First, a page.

Silence, The Sequel
I completed the Round 2 of Silence with only a few observations:
I feel like I’ve got it down pretty well. I’ve always been a pretty quiet dude.
I was positively loquacious on Friday night when I got to OmegaCon and around friends in a rustic lodge in Nowhere, Wi. I talked myself lightheaded.
I feel like the later should count as a failure but I needed to be around people who get me and have no expectations. I was able to relax and relieve some tension. And that should account for some value beyond following a this virtuous credo I’m attempting.
This may be rationalizing.
Or I’ve well internalized modern expectations for silence? Which is certainly possible though as previously stated, i’ve never been much of a talker. Society values vocal contribution and extraversion, especially in men (1), and dominating a conversation is some ridiculous social trophy (2). But, again, I’ve never been much for that; I like absorbing conversation, or fading into the background in larger, unfamiliar, gatherings.
But, extraversion is the expected mode of operation today, or at least the ideal. So I may well have been virtuous according to modern societal expectation, I do not think extraversion was well regarded in Franklin’s era. At least not like today. Today, to be brash, loud, forthright is to be in charge. To be quiet or reserved is to be passive or defective (3). Modern expectations for Silence or founded upon an extrovert ideal.
From Susan Cain’s Quiet
The Extrovert Ideal has been documented in many studies, though this research has never been grouped under a single name. Talkative people, for example, are rated as smarter, better-looking, more interesting, and more desirable as friends. Velocity of speech counts as well as volume: we rank fast talkers as more competent and likable than slow ones. The same dynamics apply in groups, where research shows that the voluble are considered smarter than the reticent — even though there’s zero correlation between the gift of gab and good ideas.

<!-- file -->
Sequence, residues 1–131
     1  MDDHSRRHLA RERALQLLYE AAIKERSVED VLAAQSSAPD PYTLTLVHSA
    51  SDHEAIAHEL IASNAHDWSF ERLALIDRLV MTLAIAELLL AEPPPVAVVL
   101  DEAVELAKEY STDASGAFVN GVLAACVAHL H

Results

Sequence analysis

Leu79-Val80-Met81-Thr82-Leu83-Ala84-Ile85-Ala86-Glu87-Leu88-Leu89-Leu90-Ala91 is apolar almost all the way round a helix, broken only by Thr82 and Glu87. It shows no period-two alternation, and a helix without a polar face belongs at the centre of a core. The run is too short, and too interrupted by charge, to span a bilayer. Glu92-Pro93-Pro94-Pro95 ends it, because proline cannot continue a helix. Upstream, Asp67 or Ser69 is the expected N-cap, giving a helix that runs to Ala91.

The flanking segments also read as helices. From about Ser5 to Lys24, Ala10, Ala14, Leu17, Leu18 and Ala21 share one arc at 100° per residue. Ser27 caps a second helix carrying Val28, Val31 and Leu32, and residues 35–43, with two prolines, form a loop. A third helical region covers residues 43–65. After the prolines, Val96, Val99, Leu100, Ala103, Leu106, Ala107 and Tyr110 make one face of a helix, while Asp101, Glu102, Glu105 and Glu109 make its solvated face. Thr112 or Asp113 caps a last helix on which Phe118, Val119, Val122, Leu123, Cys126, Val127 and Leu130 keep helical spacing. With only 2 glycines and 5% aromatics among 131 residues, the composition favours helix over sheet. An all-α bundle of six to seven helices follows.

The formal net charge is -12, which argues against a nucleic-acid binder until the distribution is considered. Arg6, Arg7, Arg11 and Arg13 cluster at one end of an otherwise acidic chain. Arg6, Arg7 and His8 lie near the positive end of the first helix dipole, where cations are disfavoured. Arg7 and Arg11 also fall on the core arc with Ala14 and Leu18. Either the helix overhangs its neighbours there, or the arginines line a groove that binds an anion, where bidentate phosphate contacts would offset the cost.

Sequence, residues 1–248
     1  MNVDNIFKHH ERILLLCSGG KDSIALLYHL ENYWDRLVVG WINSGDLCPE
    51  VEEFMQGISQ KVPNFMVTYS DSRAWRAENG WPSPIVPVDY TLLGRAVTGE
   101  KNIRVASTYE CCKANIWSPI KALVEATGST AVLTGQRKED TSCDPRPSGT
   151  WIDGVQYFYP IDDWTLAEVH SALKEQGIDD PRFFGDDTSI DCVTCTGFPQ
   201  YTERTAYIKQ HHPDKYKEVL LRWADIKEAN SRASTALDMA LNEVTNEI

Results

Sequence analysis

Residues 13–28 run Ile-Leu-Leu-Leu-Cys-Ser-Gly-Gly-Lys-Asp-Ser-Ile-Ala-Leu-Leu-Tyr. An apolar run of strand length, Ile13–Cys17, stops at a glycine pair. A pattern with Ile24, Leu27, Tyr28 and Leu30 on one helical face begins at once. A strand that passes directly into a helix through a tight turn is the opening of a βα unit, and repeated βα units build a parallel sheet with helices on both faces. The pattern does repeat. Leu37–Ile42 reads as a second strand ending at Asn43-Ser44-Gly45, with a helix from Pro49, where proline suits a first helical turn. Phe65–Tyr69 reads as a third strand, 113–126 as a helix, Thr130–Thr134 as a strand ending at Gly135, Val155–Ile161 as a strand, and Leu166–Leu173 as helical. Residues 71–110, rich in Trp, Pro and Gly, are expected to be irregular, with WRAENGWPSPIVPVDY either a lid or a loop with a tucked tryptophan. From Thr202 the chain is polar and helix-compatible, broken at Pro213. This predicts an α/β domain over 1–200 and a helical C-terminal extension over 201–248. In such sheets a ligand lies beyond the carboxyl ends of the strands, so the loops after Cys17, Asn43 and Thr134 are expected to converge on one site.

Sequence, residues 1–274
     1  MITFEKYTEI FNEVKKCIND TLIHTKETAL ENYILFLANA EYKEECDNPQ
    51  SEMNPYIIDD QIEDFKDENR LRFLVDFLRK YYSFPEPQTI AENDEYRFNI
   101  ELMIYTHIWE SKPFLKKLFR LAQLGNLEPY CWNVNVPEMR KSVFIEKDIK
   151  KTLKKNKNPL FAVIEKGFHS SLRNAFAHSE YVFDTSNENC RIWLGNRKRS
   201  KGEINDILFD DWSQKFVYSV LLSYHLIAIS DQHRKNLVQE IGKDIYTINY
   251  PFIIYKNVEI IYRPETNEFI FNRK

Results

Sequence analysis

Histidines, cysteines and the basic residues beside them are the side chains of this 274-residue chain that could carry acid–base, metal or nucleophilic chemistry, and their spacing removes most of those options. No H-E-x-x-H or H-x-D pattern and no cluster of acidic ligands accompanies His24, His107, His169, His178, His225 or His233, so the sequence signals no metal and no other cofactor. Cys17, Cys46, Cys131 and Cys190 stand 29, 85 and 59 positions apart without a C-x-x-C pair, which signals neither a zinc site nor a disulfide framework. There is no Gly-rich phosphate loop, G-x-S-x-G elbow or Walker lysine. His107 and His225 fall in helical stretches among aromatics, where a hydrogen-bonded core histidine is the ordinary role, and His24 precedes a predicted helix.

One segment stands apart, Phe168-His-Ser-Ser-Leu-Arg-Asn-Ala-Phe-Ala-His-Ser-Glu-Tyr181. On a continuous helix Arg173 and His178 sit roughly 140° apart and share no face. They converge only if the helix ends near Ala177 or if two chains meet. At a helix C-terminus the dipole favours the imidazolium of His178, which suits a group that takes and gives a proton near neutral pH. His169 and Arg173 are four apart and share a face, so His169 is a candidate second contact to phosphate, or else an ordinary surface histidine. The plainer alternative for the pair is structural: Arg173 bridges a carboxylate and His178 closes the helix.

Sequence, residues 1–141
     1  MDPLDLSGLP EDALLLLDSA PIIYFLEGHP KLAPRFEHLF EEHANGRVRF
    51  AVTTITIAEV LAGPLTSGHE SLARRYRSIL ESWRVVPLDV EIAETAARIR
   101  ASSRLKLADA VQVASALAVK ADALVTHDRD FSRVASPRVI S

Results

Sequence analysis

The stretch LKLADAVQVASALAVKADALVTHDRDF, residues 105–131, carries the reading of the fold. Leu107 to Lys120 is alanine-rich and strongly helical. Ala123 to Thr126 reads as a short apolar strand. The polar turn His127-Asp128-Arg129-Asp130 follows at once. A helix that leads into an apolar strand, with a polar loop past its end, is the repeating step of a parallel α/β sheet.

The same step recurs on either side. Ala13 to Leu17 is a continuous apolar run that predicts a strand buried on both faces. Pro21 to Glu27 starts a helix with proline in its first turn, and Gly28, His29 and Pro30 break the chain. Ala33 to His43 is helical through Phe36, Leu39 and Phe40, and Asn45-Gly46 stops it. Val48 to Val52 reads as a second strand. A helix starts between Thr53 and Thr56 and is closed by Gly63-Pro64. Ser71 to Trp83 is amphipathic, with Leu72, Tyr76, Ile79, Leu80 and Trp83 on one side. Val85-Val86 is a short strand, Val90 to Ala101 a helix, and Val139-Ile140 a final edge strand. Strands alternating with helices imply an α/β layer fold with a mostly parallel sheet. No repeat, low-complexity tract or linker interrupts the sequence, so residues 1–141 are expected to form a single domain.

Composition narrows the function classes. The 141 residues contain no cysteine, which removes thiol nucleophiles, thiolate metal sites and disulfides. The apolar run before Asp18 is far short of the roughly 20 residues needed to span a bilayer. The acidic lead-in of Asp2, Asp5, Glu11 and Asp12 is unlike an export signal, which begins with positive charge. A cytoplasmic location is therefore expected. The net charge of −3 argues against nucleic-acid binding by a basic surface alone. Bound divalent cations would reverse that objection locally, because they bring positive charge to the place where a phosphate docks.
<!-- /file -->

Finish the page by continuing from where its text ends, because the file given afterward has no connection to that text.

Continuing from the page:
Regarding the gender differences, in particular I’ll call out from the same book,
Introverts living under the Extrovert Ideal are like women in a man’s world, discounted because of a trait that goes to the core of who they are. Extroversion is an enormously appealing personality style, but we’ve turned it into an oppressive standard to which most of us feel we must conform.
Emphasis mine but I think that’s important.
Anyway. I was acting “properly” according to current standards which is rare for me.
Maybe it’s that I can’t really lose. I’m quiet and I learn. I talk and people listen (4).
Arguably, it’s only ok for men to be verbose. Research regularly shows that men talk more in school or in meetings and, if women speak even 30% of the time, are seen to be talkative or bossy. ↩
In some cases. ↩
In men. Women, gosh, you’re always supposed to be reserved. Can’t have any opinions or thoughts. What are you, bossy? geez… ↩
Likely because of my bossbosyy parts. How idiotic is that? ↩